Locust Attack in India: How are locusts damaging the crops?

Locust Attack in India: How are locusts damaging the crops?


In this critical situation when whole world is struggling with the fatal coronavirus, the most serious and unexpected outbreak of locusts in 25 years is spreading across East Africa. Locusts got into India after traveling from Africa through Iran, and Pakistan.

The Times of India reported on Monday that Uttar Pradesh is the third state after Rajasthan and Madhya Pradesh which have been affected by these crop-eating pests. Authorities fear that the pests have affected crops in 17 districts of the state including Agra, Aligarh, Bulandshahr, Etah, Kanpur, and Mathura.

Experts warn if authorities fail to control the fast-spreading swarms by June when monsoon rains spur rice, cane, corn, cotton, and soybean sowing then it would damage all these crops. Several states such as Rajasthan, Punjab, Haryana, Uttar Pradesh, and Madhya Pradesh are facing the worst locust attack. As per agro experts, this is the most severe locust attack in nearly 27 years which is a menace for rice crops in India.

Before go ahead here all you need to know about some important information about locusts:

Common name: locusts
Type: Invertebrates
Diet: Herbivore
Group name: Swarm
Average life span: several months
Size: 0.5 to 3 inch
Weight: 0.07 ounces

What are Desert Locusts?

Desert locusts are considered as the most destructive migratory pest in the world, one single swarm covering a kilometer radius can have as many as eight crore locusts. It looks like a common grasshopper. Having two big hind legs with which they can hop like grasshoppers. In dry spells, they come together in a huge mass, which can destroy massive vegetation within days.

How much food locusts eat?

Related to a grasshopper, theses insects form enormous swarms whose enormous appetite can finish off the food stocks growing in the crop fields of similar areas in less than an hour. They can feed almost all types of crops; a large swarm can eat as much food as about 35,000 people in one day.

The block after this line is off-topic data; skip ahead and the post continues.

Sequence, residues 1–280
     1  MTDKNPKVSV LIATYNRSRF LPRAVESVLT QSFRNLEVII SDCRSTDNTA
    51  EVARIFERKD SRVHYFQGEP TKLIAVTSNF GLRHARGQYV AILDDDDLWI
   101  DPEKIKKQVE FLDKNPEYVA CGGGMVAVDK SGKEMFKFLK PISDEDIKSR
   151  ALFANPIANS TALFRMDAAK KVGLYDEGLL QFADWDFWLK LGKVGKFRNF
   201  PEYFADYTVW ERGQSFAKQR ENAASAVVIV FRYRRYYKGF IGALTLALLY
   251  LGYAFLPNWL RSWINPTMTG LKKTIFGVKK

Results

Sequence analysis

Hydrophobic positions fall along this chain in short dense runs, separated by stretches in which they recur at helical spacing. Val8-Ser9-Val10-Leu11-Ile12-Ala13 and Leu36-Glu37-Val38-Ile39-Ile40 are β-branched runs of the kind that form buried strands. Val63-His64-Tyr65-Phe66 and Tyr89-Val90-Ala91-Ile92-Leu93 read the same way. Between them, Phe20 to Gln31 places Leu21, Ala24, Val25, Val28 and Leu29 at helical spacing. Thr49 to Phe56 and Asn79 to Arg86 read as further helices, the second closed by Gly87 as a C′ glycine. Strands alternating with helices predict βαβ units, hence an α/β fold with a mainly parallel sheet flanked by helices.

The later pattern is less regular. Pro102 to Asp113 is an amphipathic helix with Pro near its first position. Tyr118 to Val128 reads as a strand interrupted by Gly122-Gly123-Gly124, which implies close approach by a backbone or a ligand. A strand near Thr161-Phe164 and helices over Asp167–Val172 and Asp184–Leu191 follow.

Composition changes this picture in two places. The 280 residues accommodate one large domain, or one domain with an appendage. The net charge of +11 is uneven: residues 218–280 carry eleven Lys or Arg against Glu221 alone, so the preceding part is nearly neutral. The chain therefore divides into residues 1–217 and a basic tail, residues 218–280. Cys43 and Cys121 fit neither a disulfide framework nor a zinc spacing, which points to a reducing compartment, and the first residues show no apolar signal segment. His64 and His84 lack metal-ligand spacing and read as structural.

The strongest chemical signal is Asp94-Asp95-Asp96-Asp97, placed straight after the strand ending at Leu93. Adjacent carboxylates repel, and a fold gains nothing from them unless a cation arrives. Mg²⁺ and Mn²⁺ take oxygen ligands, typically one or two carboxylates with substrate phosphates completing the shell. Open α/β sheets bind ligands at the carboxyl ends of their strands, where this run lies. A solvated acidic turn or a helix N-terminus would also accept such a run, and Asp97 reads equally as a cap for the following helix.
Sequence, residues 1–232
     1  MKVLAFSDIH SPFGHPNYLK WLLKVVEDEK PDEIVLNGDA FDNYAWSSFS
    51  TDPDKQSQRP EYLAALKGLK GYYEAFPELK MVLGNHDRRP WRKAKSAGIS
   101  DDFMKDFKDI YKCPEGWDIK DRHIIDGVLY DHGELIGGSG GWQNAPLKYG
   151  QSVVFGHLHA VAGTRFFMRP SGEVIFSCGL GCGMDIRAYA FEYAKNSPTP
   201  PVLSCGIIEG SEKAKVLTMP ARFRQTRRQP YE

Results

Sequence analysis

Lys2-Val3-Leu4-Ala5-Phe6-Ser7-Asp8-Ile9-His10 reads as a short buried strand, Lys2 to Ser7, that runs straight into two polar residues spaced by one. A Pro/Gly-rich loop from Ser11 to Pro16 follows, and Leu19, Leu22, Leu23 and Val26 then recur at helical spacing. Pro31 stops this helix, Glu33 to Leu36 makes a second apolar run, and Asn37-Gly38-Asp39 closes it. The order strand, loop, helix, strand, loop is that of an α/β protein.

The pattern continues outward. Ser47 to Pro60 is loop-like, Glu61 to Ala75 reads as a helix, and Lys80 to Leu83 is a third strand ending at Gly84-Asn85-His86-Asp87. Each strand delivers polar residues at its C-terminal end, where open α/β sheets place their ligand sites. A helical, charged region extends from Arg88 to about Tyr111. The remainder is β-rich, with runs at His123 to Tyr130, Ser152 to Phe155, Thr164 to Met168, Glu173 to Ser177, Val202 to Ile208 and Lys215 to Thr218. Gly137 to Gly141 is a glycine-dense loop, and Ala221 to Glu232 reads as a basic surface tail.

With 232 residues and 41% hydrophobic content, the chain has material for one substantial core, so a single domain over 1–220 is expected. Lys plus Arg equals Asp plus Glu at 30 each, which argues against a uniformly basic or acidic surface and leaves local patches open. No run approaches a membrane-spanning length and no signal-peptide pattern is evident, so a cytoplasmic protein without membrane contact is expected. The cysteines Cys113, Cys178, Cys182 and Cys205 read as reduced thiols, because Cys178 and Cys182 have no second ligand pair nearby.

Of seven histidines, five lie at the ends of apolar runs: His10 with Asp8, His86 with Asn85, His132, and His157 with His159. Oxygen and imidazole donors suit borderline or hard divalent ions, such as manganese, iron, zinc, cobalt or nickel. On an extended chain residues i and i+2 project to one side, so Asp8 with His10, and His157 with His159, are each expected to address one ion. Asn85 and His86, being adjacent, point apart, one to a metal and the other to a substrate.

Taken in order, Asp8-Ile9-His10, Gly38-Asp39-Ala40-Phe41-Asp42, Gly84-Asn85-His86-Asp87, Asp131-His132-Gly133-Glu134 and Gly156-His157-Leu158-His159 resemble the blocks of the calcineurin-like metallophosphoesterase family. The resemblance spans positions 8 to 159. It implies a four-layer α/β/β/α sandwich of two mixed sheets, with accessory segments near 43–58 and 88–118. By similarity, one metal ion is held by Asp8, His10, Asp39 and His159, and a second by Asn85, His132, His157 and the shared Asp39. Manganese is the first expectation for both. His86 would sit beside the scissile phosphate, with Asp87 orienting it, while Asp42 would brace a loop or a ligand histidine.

It is also found that Locusts breed rapidly, with a single female desert locust laying 60-80 locusts eggs thrice during its 90-day life cycle. With such aggressive growth, they can hold up to 40-80 million one square kilometer of land. They also travel great distances, covering up to 150 km daily.

Impact on the agricultural economy

Experts say the chances of locusts attack can increase if global warming increases at a high rate. Rising temperature can diminish rain, which means more dry spells and more locust swarms. This massive attack of locusts swarm on rice crops can lead to a phenomenon called Locust Plague. The farmers are worried that the insects will wipe out their rice crops and moong beans crops, which resulting in a huge financial blow on them. The locust attack swarms can double-hit on the agricultural economy which is already suffering from the coronavirus pandemic.

How to prevent the crops from locusts swarm invasion?

In Rajasthan and Madhya Pradesh and other parts of the country where locusts attacked, farmers are using tactics such as beating steel utensils during afternoons and evenings, playing loud music at night. Besides these they are creating wood-fire and running the tractor inside their fields, to scare away the notorious swarms of locusts. To repel the locusts, Governments in these states have been readying the vehicles to spray the chemicals on crop fields. Drones, tractors, and cars have been ready to spray the pesticide to kill the locusts. But the locusts have already destroyed nearly 50,000 hectares (125,000 acres) of cropland.

Final thought

In spite of these efforts, there is no quick-fix solution to the locust menace. Beyond chemicals, pesticides, and drones, it is important to tackle the root cause of global warming and invest in upgrading climate resilience and adaptation techniques. An expensive and complex process, this will require global cooperation and coordination. But it has to be done.